Vendor Issues, Technology Debates Trouble PreCheck Program
There’s talk of allowing sign-ups for the popular airport security program through mobile devices, but the exclusive vendor for PreCheck is opposed to some of the details of how that would look. Meanwhile, some associations say that there should be more than one vendor administering the TSA program.
The Transportation Security Administration’s popular PreCheck program is in a bit of a holding pattern, and a mixture of vendor issues and a desire to change the way it works is to blame.
Currently, the program relies on a single vendor, IDEMIA (formerly called MorphoTrust), to administer it. The firm is attempting to make the case to Congress that it should be possible to sign up for the program without an in-person interview. Instead, it would rely on the use of mobile devices.
That could make PreCheck a more mainstream program and make it much easier for people to sign up. However, the details of how this would work are proving challenging. According to Politico, travel and airport groups are supporting a bill that would expand the ways identity could be verified under the PreCheck program beyond biometrics, but IDEMIA remains opposed to moving away from biometric technology.
Additionally, there remain questions about how the program is organized. Specifically, groups like the U.S. Travel Association say that the program should rely on more than a single vendor.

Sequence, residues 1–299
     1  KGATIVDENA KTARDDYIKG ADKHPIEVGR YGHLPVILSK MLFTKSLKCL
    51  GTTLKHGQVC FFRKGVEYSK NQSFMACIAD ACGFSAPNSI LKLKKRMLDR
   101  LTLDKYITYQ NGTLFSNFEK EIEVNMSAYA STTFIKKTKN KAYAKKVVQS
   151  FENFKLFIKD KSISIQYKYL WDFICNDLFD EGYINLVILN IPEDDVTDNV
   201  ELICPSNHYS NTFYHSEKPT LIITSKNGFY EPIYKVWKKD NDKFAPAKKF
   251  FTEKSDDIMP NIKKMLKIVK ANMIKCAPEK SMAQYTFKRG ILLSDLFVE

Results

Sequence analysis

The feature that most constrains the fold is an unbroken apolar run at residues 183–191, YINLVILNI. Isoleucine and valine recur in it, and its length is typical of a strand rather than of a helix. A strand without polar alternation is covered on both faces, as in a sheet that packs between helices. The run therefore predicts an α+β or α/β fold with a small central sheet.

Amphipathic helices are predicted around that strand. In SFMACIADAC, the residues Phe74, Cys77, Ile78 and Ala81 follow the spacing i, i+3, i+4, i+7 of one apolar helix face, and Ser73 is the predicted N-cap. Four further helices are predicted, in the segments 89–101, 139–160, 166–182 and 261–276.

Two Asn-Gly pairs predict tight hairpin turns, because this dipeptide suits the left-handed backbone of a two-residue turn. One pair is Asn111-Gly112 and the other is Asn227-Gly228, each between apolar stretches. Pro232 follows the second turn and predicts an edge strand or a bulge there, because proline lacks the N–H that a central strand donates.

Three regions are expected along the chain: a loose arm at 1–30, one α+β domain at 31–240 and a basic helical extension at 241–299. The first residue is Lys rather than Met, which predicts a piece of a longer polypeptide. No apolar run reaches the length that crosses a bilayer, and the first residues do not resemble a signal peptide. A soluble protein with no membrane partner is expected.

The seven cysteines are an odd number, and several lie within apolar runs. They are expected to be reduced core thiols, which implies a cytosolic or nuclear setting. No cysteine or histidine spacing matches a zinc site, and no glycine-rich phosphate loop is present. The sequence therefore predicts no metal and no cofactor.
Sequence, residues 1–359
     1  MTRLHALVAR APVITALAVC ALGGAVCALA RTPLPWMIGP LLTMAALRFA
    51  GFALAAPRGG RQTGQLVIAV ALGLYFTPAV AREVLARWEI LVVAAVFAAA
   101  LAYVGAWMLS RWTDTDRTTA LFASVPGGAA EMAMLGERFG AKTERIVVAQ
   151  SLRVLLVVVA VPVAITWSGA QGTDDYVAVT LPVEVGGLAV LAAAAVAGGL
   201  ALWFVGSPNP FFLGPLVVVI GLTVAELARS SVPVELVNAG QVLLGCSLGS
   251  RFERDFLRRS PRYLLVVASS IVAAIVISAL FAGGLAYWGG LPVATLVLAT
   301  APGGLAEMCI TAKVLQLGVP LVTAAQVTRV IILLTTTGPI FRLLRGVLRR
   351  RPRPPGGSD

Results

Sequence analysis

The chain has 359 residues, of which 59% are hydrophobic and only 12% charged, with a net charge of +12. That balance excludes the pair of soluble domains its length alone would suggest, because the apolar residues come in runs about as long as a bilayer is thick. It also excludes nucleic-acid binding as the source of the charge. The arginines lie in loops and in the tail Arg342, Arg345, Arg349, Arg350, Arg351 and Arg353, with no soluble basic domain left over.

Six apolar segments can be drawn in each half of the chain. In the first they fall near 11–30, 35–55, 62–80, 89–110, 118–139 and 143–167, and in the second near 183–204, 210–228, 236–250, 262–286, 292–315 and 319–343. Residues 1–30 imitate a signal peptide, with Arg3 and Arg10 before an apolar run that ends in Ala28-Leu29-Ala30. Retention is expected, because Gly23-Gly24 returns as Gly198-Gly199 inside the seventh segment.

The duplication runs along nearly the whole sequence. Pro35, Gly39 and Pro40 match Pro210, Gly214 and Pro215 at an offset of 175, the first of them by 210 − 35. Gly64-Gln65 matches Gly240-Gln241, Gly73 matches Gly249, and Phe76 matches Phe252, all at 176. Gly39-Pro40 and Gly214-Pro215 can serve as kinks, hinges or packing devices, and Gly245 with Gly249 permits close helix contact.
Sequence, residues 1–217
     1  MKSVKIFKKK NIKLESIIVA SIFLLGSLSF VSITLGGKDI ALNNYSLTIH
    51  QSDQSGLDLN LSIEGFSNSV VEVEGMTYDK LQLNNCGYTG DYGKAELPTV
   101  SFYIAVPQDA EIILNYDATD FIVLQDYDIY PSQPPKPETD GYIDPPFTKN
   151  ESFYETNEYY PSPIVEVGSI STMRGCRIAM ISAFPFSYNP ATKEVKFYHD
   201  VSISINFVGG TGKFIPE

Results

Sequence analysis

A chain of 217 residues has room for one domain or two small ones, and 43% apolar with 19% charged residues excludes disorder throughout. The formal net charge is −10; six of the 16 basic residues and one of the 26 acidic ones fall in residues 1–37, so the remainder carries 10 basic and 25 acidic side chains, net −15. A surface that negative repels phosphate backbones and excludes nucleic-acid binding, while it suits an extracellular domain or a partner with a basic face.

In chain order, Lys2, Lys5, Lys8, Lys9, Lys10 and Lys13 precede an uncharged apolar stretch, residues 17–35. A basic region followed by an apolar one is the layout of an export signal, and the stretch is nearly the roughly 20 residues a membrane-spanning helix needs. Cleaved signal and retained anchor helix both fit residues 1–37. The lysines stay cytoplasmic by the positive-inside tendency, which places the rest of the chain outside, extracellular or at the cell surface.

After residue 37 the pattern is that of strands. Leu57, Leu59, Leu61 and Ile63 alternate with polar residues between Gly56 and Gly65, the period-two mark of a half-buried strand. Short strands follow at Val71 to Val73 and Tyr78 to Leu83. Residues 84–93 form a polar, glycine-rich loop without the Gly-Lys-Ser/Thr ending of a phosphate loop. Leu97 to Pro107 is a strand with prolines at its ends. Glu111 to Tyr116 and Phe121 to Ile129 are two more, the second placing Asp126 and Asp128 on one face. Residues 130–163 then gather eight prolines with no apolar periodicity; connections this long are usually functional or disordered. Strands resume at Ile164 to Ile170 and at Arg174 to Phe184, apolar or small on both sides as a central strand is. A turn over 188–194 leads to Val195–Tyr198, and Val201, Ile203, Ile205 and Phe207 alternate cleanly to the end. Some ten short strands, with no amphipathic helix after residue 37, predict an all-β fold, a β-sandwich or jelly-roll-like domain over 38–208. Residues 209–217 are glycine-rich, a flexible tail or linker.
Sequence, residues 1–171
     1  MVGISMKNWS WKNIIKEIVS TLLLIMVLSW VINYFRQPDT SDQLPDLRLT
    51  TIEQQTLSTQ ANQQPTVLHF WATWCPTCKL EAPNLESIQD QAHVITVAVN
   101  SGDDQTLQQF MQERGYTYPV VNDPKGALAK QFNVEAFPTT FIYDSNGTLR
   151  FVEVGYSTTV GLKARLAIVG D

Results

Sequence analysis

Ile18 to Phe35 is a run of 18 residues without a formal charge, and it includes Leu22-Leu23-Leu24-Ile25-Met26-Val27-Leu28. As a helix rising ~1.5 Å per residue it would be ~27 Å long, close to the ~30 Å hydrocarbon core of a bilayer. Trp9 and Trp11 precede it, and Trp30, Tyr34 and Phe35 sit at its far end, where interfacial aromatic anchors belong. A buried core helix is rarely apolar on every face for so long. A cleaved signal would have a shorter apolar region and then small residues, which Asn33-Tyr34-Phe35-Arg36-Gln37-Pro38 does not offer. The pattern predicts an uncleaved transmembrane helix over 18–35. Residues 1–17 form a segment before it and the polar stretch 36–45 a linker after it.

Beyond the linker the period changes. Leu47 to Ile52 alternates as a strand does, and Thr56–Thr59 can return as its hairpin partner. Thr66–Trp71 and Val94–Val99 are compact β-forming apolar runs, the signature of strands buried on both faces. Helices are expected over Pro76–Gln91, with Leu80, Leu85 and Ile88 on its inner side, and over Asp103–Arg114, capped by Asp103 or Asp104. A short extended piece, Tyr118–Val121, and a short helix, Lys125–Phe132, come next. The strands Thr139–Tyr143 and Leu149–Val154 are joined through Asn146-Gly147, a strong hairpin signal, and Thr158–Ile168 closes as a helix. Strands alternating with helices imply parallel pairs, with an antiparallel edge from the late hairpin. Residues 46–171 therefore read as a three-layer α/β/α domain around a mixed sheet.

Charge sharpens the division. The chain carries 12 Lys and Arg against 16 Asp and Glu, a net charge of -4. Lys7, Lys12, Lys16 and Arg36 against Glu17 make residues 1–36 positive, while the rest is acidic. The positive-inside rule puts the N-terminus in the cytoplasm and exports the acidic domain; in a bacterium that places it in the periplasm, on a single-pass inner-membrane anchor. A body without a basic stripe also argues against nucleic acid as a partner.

In recent testimony to the House Committee on Homeland Security, U.S. Travel Senior Director of Government Relations Lorraine Howerton argued it was imperative to increase the number of vendors involved in the program. According to the transcript of her remarks [PDF], Howerton stated:
TSA has faced several road blocks in expanding the number of third-party prescreening companies to sign individuals up for the program. Currently, there is only one third-party prescreening company. It is worth repeating that there is only one third-party vendor that prescreens applicants, markets the program, enrolls applicants and adjudicates their application. This is just not acceptable. There should be multiple companies. This will drive competition, reduce costs, and help grow TSA PreCheck enrollment.
The potential for changes to the current model could be coming very soon. As Boarding Area’s “View from the Wing” blog noted last year, TSA sought other providers in 2016, only to have IDEMIA push back. However, the company’s contract expires in September, which could eventually ease up the process for travelers by making more options available.
For now, at least, IDEMIA has been working to open up more enrollment centers for travelers during the summer travel season.
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